Why go: To see charming historical cities, busy canals and waterways, beautiful gardens and tulip fields, picturesque windmills, old-world Dutch masterpieces, and new-world design.
Logistics: Several airlines offer nonstop flights between major U.S. cities and Schiphol Airport in Amsterdam. Schiphol has plentiful train and bus connections, including frequent trains to Amsterdam Central Station. The country, about the size of Maryland, can also easily be explored by automobile. Roadways are well maintained, though traffic is congested in urban areas. If you’re driving or walking, watch out for bicyclists — they’re everywhere and often have their own lanes and road priority.
Money: The currency is the euro. Credit cards are usually accepted in large cities and tourist areas, but not always in smaller cities. ATMs are widely available. Most Dutch pay with a chip-and-PIN debit card, and U.S. credit and debits cards don’t always work.
Paperwork: No tourist visa is required for stays of 90 days or less.
Language: If you want to try a little Dutch, thank you — “dank je wel” — is easy, but forget the guttural “graag gedaan” (you’re welcome). The Dutch last year were ranked as the top nonnative English-proficient country in the world in the EF English Proficiency Index, meaning most of the locals you’ll encounter will speak basic to amazing English.
Health: No special precautions, but bring a scarf and rain gear if windy, wet days affect your well-being.
Prevailing myth: Prostitution and pot smoking are rampant. Not true, and becoming even less so as the government works to separate those legal rights from tourism.
Itinerary for first-timers: Despite being overrun with tourists, world-class Amsterdam remains a quintessentially Dutch city. Take in a canal tour, marvel at canal houses, and pose for photos on bridges with bicycles. Get tickets in advance for the Anne Frank House, Rijksmuseum and Van Gogh Museum. See cutting-edge contemporary art at the Stedelijk Museum and admire Dutch design at the Frozen Fountain shop.
Itinerary for repeat visitors: Get out of Amsterdam! For innovation and architecture, head to Rotterdam. For small to medium picturesque cities, take the train to Haarlem, Delft, Utrecht or Amersfoort. Leiden, another charming destination, has a special draw this year, which marks the 400th anniversary of the Mayflower voyage. Some of the Pilgrims spent a dozen years in Leiden before setting sail, and the city has special exhibits and a Pilgrim walking tour.
Eat this: While the Dutch, who live in large part below or near sea level, are clever enough to keep the sea at bay, their ingenuity doesn’t carry over into the kitchen. Traditional Dutch meals are mashed, unseasoned and unsalted, though fresh and flavorful cooking is becoming more commonplace. As a visitor, it’s fun to try some of the typical snacks and sweets, including crispy “frietjes” (fries) with mayo, “bitterballen” (deep-fried meat-mix snacks), “stroopwafels” (syrup between two waffle wafers) and “drop,” varying types of licorice. Tourists often gravitate, rightfully so, to Indonesian restaurants that serve “rijsttafel,” or rice table, basically a tasting menu of various dishes and sauces with rice, which dates back to Dutch colonial times. Whatever you find delicious, proclaim it “lekker.”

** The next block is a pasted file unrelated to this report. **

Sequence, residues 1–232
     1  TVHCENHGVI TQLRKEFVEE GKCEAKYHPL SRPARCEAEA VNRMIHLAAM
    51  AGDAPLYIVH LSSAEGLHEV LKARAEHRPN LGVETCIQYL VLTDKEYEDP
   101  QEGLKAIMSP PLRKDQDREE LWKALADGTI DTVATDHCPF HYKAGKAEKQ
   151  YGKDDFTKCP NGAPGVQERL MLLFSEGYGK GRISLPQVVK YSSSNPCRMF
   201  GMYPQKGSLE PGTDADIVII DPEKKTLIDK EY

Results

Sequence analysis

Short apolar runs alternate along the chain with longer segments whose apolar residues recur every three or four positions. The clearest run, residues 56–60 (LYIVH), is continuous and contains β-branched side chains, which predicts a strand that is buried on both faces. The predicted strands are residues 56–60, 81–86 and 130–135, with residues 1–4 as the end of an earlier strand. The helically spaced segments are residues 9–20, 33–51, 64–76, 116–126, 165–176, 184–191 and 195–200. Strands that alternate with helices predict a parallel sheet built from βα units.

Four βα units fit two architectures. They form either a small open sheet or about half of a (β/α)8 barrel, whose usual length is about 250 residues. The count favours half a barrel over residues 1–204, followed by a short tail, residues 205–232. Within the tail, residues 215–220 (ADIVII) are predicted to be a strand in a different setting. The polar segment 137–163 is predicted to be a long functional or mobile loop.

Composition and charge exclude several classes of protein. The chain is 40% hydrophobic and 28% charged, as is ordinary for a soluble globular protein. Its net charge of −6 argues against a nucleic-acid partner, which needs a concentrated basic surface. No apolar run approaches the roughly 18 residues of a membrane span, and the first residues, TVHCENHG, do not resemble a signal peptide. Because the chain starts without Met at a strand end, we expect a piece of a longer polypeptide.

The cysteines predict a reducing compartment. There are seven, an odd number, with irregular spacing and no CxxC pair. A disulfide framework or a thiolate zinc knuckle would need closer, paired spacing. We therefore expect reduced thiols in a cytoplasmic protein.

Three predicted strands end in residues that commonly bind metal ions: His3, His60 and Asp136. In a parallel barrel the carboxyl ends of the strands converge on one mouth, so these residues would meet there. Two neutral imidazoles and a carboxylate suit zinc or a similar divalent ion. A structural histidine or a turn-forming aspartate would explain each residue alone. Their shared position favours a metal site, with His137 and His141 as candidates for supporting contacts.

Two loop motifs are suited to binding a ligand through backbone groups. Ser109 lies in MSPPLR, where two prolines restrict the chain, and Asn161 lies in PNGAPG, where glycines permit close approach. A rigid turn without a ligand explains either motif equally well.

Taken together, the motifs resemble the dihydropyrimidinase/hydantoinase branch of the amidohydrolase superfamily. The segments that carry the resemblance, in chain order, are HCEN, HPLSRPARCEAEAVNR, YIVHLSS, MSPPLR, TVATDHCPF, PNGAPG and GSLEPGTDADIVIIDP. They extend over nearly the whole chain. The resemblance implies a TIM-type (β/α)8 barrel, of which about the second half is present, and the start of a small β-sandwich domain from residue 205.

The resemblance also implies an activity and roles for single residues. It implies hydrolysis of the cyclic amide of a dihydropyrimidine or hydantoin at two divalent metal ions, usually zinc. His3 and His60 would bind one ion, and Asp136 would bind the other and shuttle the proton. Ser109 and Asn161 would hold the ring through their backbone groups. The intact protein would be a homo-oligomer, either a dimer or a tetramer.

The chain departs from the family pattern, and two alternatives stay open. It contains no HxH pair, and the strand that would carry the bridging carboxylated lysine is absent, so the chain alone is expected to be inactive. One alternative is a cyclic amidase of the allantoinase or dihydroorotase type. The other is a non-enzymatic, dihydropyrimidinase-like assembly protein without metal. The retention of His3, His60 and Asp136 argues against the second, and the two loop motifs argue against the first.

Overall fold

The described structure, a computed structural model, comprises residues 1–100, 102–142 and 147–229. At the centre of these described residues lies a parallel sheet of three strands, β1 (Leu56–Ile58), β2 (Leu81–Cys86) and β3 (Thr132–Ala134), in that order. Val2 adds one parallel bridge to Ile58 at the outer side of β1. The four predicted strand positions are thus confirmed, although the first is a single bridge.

Special events: Tulip season is roughly late March to early May. The biggest attraction is Keukenhof Gardens, this year open March 21 to May 10, and sporting some 7 million flowering bulbs. King’s Day, April 27, is celebrated throughout the country, with Amsterdam being party central. Highlights: a sea of orange clothing, street markets, canal parades, children’s games, music and more. Swap out orange for rainbow flags and subtract some items of clothing and you have the very popular Gay Pride Amsterdam, the first Saturday in August.
Reading list: “Amsterdam: A History of the World’s Most Liberal City,” by Russell Shorto; “Building the Cycling City: The Dutch Blueprint for Urban Vitality,” by Melissa Bruntlett and Chris Bruntlett; “The UnDutchables,” by Colin White and Laurie Boucke; “Stuff Dutch People Like,” by Colleen Geske.
Playlist: “Radar Love” by Golden Earring, a ’70s export; anything with Eddie Van Halen, who moved with his family from Amsterdam to California when he was a young boy; “Animals,” by EDM wunderkind Martin Garrix; “A State of Trance” radio show, hosted by Armin van Buuren; and “Arcade” by singer Duncan Laurence, which won the 2019 Eurovision Song Contest. Some Dutchies will argue to include the long-running group the Toppers.
Cultural sensitivities: The Netherlands is the country and Holland encompasses two provinces. Until recently, the country admittedly marketed itself as Holland, but no more. And, no, it’s not in Scandinavia. Also, can we not discuss Zwarte Piet, Saint Nick’s black companion?
Souvenirs: Traditional wooden clogs, tulip bulbs (check customs rules), anything with a windmill, Gouda cheese and stroopwafels (Stuff Dutch People Like sells an adorable stroopwafel teething toy). For fashionable friends, Dutch design items (see Frozen Fountain, above).
Quote: The Dutch character can be summed up in the oft-quoted “Doe maar gewoon, dan doe je al gek genoeg,” which roughly translates to, “Just be normal and that’s crazy enough.” Despite being the world’s tallest people, the Dutch don’t like to stand out.
Daniel is a writer based in the Netherlands. Her website is bydianedaniel.com.